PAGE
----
Galway U21s fail to live to high billing in ThurlesAugust 29, 2012 - 7:00am
STEPHEN GLENNON AT SEMPLE STADIUM
THREE Kilkenny first half goals – all scored in a devastating 11 minute period – ended Galway’s reign as All-Ireland U-21 champions when the sides met before a paltry crowd of just over 3,300 at Semple Stadium, Thurles on Saturday evening.
It was not so much the defeat itself, but the manner of it that was most alarming. For their part, Galway were top heavy with senior players – 17 in all – and that few of these stood up and were counted was so utterly disappointing. Indeed, on this evidence, it does not bode well for the All-Ireland senior decider between these two counties on Sunday week.
Of course, the management has argued that the U-21 and senior games have to be treated as separate entities – and, to a certain degree, rightly so – but the truth of the matter is that the Galway set-up this year has been all encompassing by incorporating U-21 and intermediate – all inter-connected.
Consequently, you can’t simply or convienetly dismiss the displays of the other teams because if a Galway brand of hurling is being created and nurtured, then surely this is not something exclusive to the senior grade.
It has to permeate throughout all levels, particularly those involved in the senior set-up, namely U-21 and intermediate, and there has been little to suggest in these respective championships that the magic formula has been found.
In any event, given the recent defeats of the Tribesmen in the intermediate and U-21 grades, you have to think that the aspirations of these two sides have been sacrificed in pursuit of that elusive Liam McCarthy Cup. However, as noted previously, those will be acceptable sacrifices if the Holy Grail of hurling crosses the Shannon in the coming weeks. It all hinges on that.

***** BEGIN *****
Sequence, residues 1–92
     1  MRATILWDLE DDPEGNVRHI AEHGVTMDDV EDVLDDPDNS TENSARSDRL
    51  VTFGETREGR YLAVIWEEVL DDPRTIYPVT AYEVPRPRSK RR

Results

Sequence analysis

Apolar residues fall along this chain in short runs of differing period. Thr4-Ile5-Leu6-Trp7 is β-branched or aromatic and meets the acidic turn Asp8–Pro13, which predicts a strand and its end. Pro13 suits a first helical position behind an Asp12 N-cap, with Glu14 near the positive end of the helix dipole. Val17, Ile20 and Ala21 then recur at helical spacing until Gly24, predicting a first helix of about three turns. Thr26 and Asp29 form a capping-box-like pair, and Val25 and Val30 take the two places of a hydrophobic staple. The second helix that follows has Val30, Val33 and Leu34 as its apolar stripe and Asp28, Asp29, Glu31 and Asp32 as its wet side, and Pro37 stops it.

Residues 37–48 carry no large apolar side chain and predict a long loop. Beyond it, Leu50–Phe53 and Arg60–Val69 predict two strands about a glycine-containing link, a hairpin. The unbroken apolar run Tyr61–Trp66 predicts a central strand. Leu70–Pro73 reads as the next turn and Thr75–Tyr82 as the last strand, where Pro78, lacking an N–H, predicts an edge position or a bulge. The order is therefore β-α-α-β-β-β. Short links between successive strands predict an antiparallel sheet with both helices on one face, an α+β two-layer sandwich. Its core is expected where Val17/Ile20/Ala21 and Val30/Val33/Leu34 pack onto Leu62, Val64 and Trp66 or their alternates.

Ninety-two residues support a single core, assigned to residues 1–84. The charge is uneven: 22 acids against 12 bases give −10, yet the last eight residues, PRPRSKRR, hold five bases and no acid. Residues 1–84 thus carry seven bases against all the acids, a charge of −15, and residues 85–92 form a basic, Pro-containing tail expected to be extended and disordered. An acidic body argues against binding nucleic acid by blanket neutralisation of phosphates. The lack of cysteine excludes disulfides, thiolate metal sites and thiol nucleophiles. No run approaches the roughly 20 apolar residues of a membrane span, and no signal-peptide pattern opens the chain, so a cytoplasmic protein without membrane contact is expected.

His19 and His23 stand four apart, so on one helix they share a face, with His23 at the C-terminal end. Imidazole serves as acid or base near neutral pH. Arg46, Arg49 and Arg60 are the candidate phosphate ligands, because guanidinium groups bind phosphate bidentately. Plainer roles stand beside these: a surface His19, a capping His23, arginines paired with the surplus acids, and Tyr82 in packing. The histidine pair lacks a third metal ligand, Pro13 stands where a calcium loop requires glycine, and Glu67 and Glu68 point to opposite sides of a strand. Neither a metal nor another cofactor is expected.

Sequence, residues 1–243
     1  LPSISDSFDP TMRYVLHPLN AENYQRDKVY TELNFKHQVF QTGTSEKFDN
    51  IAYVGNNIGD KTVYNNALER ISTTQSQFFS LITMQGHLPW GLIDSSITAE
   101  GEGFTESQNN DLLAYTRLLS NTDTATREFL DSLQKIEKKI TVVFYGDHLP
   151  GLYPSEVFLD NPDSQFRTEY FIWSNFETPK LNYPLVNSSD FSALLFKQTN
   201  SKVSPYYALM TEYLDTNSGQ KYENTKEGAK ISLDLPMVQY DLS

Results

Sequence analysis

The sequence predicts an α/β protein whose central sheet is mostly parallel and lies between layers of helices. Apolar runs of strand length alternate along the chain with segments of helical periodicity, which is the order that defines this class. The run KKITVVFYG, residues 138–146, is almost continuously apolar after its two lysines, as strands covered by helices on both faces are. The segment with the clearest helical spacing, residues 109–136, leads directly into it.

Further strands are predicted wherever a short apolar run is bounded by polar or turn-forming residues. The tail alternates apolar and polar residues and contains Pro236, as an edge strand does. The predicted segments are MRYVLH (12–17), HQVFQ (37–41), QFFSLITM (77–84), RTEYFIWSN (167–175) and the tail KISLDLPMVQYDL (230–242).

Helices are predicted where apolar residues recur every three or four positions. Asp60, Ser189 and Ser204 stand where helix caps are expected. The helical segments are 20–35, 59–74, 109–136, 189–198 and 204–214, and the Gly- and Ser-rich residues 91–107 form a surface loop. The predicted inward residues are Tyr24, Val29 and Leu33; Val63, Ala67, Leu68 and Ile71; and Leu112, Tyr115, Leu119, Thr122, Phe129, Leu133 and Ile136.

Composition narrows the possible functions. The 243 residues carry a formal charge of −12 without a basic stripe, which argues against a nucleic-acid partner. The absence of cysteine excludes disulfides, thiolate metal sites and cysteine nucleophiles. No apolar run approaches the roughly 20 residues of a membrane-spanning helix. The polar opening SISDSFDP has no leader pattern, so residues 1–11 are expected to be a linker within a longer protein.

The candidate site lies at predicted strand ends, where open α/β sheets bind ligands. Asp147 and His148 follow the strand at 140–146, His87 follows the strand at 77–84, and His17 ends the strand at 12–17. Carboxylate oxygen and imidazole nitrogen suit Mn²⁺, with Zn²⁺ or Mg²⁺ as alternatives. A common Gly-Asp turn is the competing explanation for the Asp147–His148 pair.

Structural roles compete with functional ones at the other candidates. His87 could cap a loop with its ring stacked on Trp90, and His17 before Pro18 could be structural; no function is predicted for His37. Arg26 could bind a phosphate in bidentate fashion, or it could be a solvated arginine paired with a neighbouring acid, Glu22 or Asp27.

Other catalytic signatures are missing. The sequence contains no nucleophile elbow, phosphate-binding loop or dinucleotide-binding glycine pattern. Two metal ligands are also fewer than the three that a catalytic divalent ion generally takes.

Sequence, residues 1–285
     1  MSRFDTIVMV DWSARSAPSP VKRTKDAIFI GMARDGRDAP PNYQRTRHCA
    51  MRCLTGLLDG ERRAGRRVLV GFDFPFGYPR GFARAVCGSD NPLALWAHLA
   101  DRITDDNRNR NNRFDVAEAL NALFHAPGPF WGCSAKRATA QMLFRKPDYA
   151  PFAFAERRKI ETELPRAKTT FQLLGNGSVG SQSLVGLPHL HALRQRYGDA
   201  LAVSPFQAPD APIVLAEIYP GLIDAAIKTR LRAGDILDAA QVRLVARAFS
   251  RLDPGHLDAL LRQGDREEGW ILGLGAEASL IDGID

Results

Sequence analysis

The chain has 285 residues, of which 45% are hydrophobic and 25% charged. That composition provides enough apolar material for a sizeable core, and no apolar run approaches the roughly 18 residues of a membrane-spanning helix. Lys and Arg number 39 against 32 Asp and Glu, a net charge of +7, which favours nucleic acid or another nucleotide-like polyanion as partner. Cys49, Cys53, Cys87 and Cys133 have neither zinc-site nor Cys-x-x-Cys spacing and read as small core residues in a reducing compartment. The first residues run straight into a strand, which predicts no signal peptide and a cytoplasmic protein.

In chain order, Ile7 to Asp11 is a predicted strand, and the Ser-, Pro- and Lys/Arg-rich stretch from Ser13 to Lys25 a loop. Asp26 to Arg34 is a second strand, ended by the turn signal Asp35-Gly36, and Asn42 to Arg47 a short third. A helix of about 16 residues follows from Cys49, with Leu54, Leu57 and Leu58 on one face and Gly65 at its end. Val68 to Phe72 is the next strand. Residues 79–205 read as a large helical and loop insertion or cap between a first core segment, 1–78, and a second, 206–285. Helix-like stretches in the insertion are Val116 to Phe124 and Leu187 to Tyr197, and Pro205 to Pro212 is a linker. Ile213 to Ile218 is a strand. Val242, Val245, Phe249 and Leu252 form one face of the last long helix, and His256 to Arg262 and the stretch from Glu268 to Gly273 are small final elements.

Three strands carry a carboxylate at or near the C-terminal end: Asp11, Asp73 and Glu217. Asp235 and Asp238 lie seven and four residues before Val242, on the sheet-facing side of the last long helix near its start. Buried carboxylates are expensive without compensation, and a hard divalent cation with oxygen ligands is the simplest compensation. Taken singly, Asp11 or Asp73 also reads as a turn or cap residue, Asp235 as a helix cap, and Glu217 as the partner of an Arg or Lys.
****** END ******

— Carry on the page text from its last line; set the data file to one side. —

By the same token, it would be foolish to think that the management – Anthony Cunningham, Tom Helebert and Mattie Kenny – has allowed focus on the All-Ireland senior decider to be tempered or diluted in any shape or form by the U-21 or intermediate fixtures because, if they had, they are allowing Brian Cody’s men to steal a march.
Still, they will be disappointed that several of their key senior players were, by and large, anonymous for long period of this All-Ireland semi-final. No more so than St. Thomas’ forwards, James Regan (deployed to defence for a time) and Conor Cooney, both of whom failed to raise a single flag over the 60 plus minutes.
That said, the leadership required from the established senior players around the park was conspicuous in its absence, although Joseph Cooney, Tadgh Haran, Richie Cummins, Niall Burke, Jonathan Glynn and the hardworking Davy Glennon all had their moments.
Unfortunately, Galway did not need moments. They needed performances.
As it was, the Cats – led by senior players Richie Doyle and Cillian Buckley – came to play a game synonymous with Kilkenny hurling. Skilful, powerful, unforgiving and deadly. By half-time, the Leinster champions held a 3-9 to 0-11 advantage.
And yet, it was Galway who started the brighter. After just 11 minutes, they led 0-6 to 0-3 following scores from Niall Burke (four points, two from play), Davy Glennon and Jonathan Glynn.
Then it all changed. The imposing Glynn seemed to be man-handled in the Kilkenny penalty area – a clear-cut penalty – but referee John Sexton waved away any such appeal. In any event, Richie Mulrooney’s charges turned over the possession and in the ensuing move rampaged down the field and netted the opening goal on 12 minutes. Tight margins.
For more, read this week's Connacht Tribune.